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Leprosy Spreading in India, WHO Official Warns

“Six years after leprosy was declared officially eliminated in India, officials and doctors are warning that the disfiguring disease is spreading in poverty-stricken pockets of the country,” Agence France-Presse reports. According to Nata Menabde, head of the WHO in India, the number of new cases of leprosy exceeds the agency’s target of less than 10 new cases per 100,000 in about 209 out of 640 districts in the country, the news agency notes.

Jill Biden Leads U.S. Delegation To Kenya To Assess Conditions In Horn Of Africa

Jill Biden, the wife of Vice President Joe Biden, USAID Administrator Rajiv Shah, Assistant Secretary of State Eric Schwartz and Special Assistant to the President Gayle Smith arrived in Kenya on Monday to assess and raise awareness of the famine conditions in the Horn of Africa, Capital FM News reports (Kaberia, 8/8). “Biden’s trip is the highest-profile U.S. visit to drought-stricken East Africa since the numbers of refugees began dramatically increasing in June,” according to the Associated Press (Straziuso, 8/8).

ONE Hosts Discussion About Somalia Famine With USAID, WFP Officials

“ONE Blog” features an audio recording of a conference call the organization held on Wednesday with USAID Administrator Rajiv Shah, World Food Programme Executive Director Josette Sheeran and Somali advocate Ali Ali about the famine in Somalia. During the call, Shah said his recent visit to the Dadaab refugee camp…

Famine Declared In Three More Regions Of Somalia

“The famine gripping parts of southern Somalia has spread to three new areas of the country, with the entire south likely to be declared a famine zone within the next six weeks, the United Nations said on Wednesday,” Reuters reports (Mohamed, 8/3).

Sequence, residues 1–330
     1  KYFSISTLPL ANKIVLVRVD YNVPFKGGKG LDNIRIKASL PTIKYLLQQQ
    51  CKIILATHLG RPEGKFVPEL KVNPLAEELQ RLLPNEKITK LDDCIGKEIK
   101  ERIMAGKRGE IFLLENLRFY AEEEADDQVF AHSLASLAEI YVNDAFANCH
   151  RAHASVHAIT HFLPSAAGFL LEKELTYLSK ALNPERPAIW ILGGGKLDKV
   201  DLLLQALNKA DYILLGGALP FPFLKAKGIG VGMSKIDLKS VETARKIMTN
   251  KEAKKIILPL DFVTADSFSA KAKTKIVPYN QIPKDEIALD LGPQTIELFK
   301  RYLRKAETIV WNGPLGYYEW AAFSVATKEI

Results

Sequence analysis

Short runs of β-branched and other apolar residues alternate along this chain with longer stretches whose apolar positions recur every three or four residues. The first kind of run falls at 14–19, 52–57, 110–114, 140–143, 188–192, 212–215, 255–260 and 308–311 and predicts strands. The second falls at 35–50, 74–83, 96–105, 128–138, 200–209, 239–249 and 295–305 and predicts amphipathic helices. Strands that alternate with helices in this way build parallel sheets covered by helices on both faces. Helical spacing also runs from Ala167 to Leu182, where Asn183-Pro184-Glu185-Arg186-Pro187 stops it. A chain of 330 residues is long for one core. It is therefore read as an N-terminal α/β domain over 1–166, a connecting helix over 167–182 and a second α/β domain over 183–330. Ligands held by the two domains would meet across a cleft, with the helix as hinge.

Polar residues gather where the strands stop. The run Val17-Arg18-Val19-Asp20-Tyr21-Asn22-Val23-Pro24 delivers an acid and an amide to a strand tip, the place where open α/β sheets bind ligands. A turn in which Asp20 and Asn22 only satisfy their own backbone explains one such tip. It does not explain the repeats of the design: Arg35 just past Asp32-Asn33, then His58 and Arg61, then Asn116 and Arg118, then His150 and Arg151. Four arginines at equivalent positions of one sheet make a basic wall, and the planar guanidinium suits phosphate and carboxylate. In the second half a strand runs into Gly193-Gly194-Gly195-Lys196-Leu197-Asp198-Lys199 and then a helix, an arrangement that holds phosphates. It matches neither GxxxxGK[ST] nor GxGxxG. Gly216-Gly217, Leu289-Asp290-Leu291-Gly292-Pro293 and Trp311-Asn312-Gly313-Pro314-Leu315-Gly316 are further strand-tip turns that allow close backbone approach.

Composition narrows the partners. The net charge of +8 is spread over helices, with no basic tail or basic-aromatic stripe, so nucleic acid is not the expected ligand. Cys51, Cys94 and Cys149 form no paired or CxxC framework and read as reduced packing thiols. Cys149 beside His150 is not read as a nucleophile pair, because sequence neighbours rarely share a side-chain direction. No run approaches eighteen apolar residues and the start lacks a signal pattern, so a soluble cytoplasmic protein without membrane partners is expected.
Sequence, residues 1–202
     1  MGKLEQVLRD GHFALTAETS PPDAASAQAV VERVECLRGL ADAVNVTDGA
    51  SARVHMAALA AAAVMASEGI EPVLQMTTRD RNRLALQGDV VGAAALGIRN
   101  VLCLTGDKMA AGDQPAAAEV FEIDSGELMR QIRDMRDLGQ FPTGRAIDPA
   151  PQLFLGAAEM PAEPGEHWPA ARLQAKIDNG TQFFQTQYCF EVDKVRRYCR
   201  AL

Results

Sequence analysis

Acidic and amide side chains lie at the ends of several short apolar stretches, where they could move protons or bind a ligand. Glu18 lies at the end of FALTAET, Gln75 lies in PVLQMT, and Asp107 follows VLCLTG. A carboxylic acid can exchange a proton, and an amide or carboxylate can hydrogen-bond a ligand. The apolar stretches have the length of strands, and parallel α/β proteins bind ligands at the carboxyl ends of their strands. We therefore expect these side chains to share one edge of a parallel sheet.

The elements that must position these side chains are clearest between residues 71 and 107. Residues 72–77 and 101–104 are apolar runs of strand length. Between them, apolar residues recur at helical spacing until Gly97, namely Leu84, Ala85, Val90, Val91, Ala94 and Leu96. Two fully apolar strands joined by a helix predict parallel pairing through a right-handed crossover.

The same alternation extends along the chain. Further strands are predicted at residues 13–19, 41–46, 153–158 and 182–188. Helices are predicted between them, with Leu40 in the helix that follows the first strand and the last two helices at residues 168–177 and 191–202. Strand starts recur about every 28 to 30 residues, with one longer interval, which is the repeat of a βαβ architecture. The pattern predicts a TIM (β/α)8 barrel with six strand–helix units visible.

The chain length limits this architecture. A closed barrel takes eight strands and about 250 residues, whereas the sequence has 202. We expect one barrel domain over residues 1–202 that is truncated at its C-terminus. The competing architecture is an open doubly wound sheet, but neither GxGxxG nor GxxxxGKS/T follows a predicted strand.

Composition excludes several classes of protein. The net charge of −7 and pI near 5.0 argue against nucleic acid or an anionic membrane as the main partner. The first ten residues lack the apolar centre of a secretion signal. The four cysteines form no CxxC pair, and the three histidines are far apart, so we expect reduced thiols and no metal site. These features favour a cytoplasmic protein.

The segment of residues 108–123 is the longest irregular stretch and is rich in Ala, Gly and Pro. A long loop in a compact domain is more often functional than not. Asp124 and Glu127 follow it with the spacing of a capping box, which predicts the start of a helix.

Low Fertility Causes 'Very Real Problems' For Developed Nations' Economies

“In recent years, nearly every demographic study has painted a dire picture of the world’s changing demographics. Yet when the U.N. issued its latest report this past May, it seemed almost sunny,” Jonathan Last, senior writer at the Weekly Standard, writes in a Wall Street Journal opinion piece. He says that “[t]he catch is that it may not be true” because “the U.N. has had to make one very big assumption: Starting tomorrow, every country in the world with fertility below the replacement rate of 2.10 will increase its fertility. And this rise will continue unabated, year after year, until every First World country has a Total Fertility Rate (TFR) near replacement.”

U.N. Issues Appeal For Air Cargo Space, Warns About Rising Child Mortality Among Somalis In Kenya

UNICEF on Tuesday “appeal[ed] to the air transport sector to provide free and discounted cargo space to bring emergency food supplies into the region,” the U.N. News Centre reports (8/2). UNHCR, the U.N. refugee agency, warned in its latest situation report that “[c]hild mortality rates among Somali refugees in Kenya are on the rise and there are ‘alarmingly high rates’ of malnutrition,” according to Deutsche Presse-Agentur/M&C (8/3).

Obama Administration Issues New Guidance On Aid To Drought-Stricken Somalia

The Obama administration on Tuesday issued new guidance stating “the U.S. would not prosecute relief agencies for delivering aid to parts of Somalia controlled by the Islamist insurgent group al-Shabab, despite concerns that unrestricted aid in the failed state would be diverted to the wrong hands,” Inter Press Service reports (Hough, 8/2).

Children Of Depressed Mothers In Developing Countries Less Likely To Thrive, Report Says

“Children of depressed mothers in developing countries are 40 percent more likely to be underweight or stunted than those with mothers in good mental health,” according to a report published in the August edition of the WHO Bulletin, Reuters reports. “The analysis was based on 17 studies of nearly 14,000 mothers and their small children carried out in Africa, Asia, and South America and the Caribbean,” according to the news agency.

World Must Scale Up AIDS Fight, Even As Donors Scale Back

UNAIDS Executive Director Michel Sidibe writes in a Los Angeles Times opinion piece that “amid all the good news” about HIV prevention recently presented at the 6th International AIDS Society Conference on HIV Pathogenesis, Treatment and Prevention, “one stubborn fact was hard to ignore: AIDS remains a metaphor for inequality.” With discrepancies in access to HIV treatment and prevention between developed and developing countries, “[i]t is hard not to conclude from all this that life is not valued equally across the world. This is morally wrong and unacceptable,” he writes.